The fact that North Korea was within its area of influence means that China needs to seriously consider the sensitive issue of Japan’s security. The challenge is tough, because if Beijing fails to solve the problem, Japan will have to deal with it directly.
In February 2003, in the Yomiuri Shimbun newspaper Kawashima does not trust Kim Jong II and seems to have reservations about the Japanese prime minister as well: “The Japanese-Korean declaration signed in Pyongyang by Junichiro Koizumi and Kim Jong II on September 17, 2002 has become nothing more than a piece of paper”. At the meeting a memorandum of guarantee for the security of Japan was presented and in the following three months ‘normalizing talks’ were to be held. This did not happen and furthermore there have been no developments in the question of the return home of the Japanese kidnapped by North Korea between 1977 and 1983. All these facts, in Kawashima’s opinion, should no longer leave any doubts among the Japanese about the real intentions of Kim Jong II.
According to ALLCITYCODES, North Korea’s possession of nuclear weapons also carries the possibility of a profound change in South Korea’s climate. Most South Koreans have so far been in favor of dialogue, but blackmail from the North could awaken new fears and bring about a change in public opinion. As a result, China would be forced to decide whether or not to support Pyongyang. China is certainly aware of these dangers and is strongly in favor of a nuclear-free Korean peninsula. But how can it force North Korea to give up its program without further damaging its ties with that nation?
Korea raises the bar
Having proved the most staunch defender of dialogue and a peaceful approach with Pyongyang, Chinese diplomacy appeared the first victim of the North Korean missile launched on February 24, 2003 in the Sea of Japan, 35 miles off the South Korean coast, the day before the inauguration of President Roh Moo Hyun in the presence of world leaders gathered in Seoul. In the weeks preceding the US, in the midst of the Iraqi crisis, downplayed the North Korean threat, defined by Bush as “a diplomatic exhibition”. The US administration has sent a slew of peacemaking messages to Pyongyang, pledging to resume and even increase its aid to the poverty-stricken country, without responding to Pyongyang’s belligerent rhetoric.
The missile of 24 February weakened any call for dialogue, opening a political vacuum that risks blocking any decision, making political consensus on the type of initiative to be undertaken lacking among the main actors in this drama. Japan was extremely troubled by the possibility that North Korean missiles could fly over its territory and Prime Minister Junichiro Koizumi traveled to Seoul to agree on common conduct with the allies. Public opinion in South Korea appeared divided between those who were as concerned about the US military presence in their territory as, if not more, about the North Korean threat and those who, having never believed in the ‘Sunbeam’ policy, saw all his suspicions confirmed. But it was China that was in the worst position, because it has seen the dominant position deriving from being the only country to exert some influence over North Korea enter into crisis. Beijing still supports the maintenance of the status quo, accompanied by a slow but continuous progress of the North Korean economy to facilitate future reunification, but day after day Kim Jong II seems to increasingly question this status quo. Thus, in the absence of any political agreement on the future of the North Korean peninsula or on the costs of a future restructuring of the North, there is no point of reference to which to return.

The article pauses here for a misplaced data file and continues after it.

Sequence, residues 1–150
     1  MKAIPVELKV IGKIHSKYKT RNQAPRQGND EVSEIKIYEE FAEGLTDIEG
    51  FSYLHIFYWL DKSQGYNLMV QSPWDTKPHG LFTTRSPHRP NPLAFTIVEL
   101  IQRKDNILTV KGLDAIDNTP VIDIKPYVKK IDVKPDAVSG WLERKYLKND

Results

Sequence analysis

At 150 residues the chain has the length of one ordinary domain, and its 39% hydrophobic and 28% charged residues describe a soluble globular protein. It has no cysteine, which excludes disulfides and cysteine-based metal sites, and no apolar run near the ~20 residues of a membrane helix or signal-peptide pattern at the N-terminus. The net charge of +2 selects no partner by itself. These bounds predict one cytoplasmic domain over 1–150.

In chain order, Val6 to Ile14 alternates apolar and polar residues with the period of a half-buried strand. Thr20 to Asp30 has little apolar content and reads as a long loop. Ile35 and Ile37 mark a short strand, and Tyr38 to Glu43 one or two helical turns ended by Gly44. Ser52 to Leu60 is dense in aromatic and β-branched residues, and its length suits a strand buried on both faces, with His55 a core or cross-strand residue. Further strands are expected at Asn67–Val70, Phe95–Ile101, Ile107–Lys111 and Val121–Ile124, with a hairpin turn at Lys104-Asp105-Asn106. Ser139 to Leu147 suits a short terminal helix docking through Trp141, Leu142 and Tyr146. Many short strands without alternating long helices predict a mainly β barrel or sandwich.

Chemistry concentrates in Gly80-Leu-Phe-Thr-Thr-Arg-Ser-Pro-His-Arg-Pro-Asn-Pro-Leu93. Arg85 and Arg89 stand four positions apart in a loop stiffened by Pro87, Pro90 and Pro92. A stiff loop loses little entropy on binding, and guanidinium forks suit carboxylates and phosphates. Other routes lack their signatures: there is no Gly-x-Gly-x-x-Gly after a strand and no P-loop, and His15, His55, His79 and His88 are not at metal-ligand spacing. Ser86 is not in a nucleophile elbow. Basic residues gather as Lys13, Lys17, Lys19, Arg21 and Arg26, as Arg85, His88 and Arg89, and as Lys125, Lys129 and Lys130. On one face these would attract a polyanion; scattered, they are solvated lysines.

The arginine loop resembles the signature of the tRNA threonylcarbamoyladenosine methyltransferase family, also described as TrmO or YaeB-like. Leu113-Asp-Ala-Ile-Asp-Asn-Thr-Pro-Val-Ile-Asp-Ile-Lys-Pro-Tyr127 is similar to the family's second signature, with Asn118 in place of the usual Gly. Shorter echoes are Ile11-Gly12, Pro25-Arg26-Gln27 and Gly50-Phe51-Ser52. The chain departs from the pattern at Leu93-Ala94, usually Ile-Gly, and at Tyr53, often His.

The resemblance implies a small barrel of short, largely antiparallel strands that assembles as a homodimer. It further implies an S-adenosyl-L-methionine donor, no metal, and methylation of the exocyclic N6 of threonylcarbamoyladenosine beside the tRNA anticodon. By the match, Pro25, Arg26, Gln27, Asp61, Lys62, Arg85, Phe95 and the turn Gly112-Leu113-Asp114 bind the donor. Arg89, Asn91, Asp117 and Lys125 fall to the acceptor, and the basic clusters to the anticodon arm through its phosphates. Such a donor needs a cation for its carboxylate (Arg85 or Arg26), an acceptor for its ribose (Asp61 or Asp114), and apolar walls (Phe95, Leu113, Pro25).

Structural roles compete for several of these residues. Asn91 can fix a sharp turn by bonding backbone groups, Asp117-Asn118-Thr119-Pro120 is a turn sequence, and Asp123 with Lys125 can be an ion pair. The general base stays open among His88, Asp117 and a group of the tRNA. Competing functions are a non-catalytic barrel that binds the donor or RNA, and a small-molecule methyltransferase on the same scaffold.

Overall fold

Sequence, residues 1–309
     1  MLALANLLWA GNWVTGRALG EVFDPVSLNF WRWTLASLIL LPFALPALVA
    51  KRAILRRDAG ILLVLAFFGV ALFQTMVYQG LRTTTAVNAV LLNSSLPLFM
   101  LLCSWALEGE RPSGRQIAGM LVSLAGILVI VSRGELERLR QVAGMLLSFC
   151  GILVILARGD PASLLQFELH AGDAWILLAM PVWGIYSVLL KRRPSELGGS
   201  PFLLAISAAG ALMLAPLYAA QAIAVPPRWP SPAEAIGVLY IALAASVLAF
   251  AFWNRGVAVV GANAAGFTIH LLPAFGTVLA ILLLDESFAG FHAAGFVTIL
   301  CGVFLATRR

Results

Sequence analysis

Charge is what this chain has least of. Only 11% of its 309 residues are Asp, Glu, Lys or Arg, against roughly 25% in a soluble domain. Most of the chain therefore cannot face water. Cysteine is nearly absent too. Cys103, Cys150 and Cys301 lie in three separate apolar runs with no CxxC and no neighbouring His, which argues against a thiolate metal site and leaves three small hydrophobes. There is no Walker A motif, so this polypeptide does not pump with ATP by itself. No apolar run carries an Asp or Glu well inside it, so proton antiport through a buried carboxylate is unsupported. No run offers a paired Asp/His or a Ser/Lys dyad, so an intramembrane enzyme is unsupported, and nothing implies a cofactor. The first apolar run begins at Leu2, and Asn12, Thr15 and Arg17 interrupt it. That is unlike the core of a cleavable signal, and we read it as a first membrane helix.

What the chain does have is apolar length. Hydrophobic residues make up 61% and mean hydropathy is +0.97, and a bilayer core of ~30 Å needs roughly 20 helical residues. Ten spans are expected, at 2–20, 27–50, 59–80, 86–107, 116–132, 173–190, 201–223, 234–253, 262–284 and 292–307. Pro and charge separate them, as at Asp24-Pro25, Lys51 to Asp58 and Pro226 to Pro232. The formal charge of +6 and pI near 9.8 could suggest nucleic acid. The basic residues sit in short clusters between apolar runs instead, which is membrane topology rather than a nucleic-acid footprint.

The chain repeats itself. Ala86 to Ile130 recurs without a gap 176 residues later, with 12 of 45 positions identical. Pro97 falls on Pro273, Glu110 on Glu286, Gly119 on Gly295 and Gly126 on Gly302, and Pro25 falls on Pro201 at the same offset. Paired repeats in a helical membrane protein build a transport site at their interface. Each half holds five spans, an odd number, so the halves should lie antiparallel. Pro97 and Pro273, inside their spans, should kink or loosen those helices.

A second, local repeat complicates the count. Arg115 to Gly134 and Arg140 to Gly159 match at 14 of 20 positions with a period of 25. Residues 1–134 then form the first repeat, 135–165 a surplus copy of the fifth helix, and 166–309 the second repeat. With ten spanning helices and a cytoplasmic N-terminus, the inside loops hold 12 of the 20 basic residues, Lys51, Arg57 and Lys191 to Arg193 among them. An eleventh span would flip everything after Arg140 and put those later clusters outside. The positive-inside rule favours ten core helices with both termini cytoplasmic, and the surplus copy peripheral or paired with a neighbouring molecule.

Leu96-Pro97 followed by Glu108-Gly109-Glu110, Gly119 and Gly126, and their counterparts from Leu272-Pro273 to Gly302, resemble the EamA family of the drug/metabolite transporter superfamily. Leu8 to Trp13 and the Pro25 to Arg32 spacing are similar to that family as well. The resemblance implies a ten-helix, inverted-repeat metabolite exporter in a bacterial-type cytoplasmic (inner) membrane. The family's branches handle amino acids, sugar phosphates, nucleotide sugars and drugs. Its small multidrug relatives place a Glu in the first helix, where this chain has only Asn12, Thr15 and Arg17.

This is the paradox of the situation that Kim Jong II seems intent on making the most of. China, Japan and South Korea do not wish to see North Korea wiped off the map, as they do not want to bear the costs of reunification. Despite this, Kim Jong II with his actions seems to aim to create a united front around and against himself. Roh was humiliated by the missile launch: on the day of his presidential inauguration Kim Jong II stole his show, making South Korea appear unimportant and easy target of the North. Japan was the target of choice, as the missile followed a very similar trajectory to another missile that grazed Japanese territory five years ago. The US offers were rejected and Pyongyang decided to further increase the tension. China’s interest in postponing the difficult issues of the reunification of the Korean peninsula and the allocation of US troops has been put at serious risk.
North Korea’s boldness has shown the need for a comprehensive solution that far goes beyond the issue of reactivating the Yongbyon nuclear reactor. The hundreds of thousands of North Korean missiles, which could be fired in any direction, are a danger to regional security, even without any nuclear cargo.